Hawai'i ranks 2nd in kids' rate of asthma
By Christie Wilson
Advertiser Neighbor Island Editor
By Christie Wilson
Nearly 11 percent of Hawai'i children have asthma, the second-highest percentage in the nation, according to a report released yesterday by the Centers for Disease Control and Prevention.
Vog from Big Island volcanoes long has been a likely suspect in the state's higher rate of asthma, a chronic respiratory disease characterized by attacks of difficulty breathing.
Hawai'i County has the highest rate of asthma in the state, but researchers say the problem also is found in areas not prone to vog, suggesting other factors, such as genetics and smoking.
"I don't think vog is the answer," said Dr. Wallace Matthews of the Kapi'olani Medical Center for Women and Children. He said Hawai'i's climate allows plants to bloom and spread pollen year-round, and there is increasing evidence of genetic differences that may make certain Asian populations and other ethnic groups more suspectible to the disease.
Other asthma triggers include cockroach dander, dust mites and mold, also prevalent here.
Asthma program coordinator Gregg Kishaba of the state Department of Health said so far there are no certain causes for the asthma problem in Hawai'i, and that a number of research projects are under way to provide some answers. Increased awareness of the disease among physicians and patients could be one reason there are more cases being reported, he said.
The CDC report also shows that the death rate for children with asthma has declined since 1999, while doctor visits for the condition have more than doubled over the past decade.
The report did not provide mortality data for individual states, but Health Department statistics show that the number of asthma-related deaths in Hawai'i dropped from 3.77 per 100,000 residents in 1991 to 1.69 deaths in 2002, when there were 21 asthma-related deaths.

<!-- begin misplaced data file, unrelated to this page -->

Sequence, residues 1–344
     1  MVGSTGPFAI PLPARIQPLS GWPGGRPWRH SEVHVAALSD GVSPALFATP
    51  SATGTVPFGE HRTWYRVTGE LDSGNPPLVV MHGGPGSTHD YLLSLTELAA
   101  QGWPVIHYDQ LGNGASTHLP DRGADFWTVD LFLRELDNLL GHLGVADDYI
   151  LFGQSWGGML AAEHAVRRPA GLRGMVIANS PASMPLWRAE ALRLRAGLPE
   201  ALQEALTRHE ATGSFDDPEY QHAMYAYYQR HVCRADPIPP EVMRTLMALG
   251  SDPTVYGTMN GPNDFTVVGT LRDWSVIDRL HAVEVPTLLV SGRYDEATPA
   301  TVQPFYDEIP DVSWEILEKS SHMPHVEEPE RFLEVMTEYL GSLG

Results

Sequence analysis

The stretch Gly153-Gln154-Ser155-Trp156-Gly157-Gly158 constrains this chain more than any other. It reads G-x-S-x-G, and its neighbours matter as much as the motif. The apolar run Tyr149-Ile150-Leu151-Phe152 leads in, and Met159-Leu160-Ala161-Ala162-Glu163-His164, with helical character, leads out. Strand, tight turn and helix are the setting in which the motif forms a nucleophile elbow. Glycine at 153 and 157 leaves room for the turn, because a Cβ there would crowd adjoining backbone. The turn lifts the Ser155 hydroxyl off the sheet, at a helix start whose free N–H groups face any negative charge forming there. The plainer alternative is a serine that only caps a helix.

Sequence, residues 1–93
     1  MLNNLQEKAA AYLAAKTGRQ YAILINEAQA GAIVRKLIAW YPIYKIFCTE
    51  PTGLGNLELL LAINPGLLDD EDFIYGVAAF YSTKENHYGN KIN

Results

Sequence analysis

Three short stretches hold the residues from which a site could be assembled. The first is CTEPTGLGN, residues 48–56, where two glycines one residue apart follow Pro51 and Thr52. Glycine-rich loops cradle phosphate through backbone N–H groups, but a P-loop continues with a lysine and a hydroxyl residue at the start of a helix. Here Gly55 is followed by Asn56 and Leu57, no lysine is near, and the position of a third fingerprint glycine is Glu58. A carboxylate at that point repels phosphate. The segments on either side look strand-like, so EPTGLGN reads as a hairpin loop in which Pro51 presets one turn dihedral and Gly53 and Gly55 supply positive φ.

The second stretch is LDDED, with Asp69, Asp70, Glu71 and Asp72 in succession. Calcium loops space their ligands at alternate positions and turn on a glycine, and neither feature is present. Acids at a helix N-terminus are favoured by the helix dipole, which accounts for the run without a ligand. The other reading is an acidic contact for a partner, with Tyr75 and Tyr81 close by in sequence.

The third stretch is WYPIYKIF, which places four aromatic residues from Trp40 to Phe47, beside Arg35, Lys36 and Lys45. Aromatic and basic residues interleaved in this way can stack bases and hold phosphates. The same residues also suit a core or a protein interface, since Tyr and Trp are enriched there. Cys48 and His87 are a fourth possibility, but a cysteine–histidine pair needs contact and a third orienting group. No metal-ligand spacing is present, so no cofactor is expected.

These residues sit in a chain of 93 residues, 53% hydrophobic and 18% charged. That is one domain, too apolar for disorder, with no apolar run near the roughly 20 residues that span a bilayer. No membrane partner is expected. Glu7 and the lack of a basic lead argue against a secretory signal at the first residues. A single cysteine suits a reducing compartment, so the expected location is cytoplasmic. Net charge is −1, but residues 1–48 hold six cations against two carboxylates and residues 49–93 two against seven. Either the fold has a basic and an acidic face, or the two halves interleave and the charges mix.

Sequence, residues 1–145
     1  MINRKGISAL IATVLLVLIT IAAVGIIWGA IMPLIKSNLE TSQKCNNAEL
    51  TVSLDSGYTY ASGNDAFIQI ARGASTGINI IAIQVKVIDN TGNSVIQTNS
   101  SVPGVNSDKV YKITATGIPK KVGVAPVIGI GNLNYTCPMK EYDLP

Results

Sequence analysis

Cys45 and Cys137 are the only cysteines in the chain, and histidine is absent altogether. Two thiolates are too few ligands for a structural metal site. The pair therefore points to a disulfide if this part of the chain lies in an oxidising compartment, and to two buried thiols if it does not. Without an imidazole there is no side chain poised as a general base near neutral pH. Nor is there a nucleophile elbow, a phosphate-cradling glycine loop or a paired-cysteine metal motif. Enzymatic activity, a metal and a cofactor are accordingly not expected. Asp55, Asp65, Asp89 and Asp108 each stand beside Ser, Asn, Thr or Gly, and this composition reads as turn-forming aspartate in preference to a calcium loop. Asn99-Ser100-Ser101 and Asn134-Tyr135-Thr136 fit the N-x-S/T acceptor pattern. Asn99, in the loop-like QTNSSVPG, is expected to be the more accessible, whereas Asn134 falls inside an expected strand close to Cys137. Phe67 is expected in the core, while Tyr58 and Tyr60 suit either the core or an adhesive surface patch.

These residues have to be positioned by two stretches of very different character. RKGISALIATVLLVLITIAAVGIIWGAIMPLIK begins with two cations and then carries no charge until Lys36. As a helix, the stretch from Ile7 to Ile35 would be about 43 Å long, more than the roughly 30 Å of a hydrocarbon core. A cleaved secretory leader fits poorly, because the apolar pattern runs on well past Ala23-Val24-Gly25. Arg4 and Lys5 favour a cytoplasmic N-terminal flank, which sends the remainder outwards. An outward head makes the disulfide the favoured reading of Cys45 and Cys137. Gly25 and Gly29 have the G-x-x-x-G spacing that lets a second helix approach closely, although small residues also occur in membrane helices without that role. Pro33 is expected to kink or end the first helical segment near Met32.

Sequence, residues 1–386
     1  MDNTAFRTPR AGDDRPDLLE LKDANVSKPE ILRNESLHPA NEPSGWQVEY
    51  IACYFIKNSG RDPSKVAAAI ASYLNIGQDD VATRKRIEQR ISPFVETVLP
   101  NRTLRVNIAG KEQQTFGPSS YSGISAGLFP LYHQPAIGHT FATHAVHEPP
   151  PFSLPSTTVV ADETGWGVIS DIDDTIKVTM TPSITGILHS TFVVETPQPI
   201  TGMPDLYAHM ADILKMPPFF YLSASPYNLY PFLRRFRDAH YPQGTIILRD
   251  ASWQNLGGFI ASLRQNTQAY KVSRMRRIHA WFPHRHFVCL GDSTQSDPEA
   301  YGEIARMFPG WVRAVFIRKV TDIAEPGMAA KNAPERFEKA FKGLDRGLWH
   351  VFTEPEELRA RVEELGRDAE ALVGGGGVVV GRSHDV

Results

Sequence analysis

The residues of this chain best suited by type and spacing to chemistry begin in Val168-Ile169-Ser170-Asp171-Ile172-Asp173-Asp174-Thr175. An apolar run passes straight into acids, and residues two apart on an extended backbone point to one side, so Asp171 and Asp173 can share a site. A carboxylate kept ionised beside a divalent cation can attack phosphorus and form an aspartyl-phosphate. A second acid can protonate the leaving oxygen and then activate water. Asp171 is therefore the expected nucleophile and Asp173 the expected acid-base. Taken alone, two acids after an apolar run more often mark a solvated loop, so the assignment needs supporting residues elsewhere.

State data also show a slight decline in hospitalization rates of children with asthma, whose symptoms include shortness of breath, coughing, wheezing, and chest pain or tightness.
The CDC report notes that "a major frustration in fighting asthma is the mystery of its development. It remains unknown why some people get the disease and others do not."
Matthews, a pediatric pulmonologist, said the "hygiene theory" is an emerging factor in the development of allergies and asthma. With today's emphasis on germ-killing and cleanliness, many children aren't exposed at an early age to as many allergens and irritants.
"Their immune system isn't as tuned up as it used to be to fight everything," he said. So, the body can overreact to allergen and other substances in the environment, which may lead to asthma.
Parental smoking is another important factor in childhood asthma, according to Matthews.
"Kids who have parents who smoke have worse asthma," he said. "And smoking outside the house doesn't help because it sticks to your hair and clothes."
Maintenance and "controller" medicines such as inhaled steroids have been effective in reducing the frequency and severity of asthma attack, he said. They also prevent permanent lung damage that can result in adult respiratory disease.
With proper medication and monitoring, there's no reason children with asthma can't live normal, active lives, Matthews said.
Reach Christie Wilson at firstname.lastname@example.org.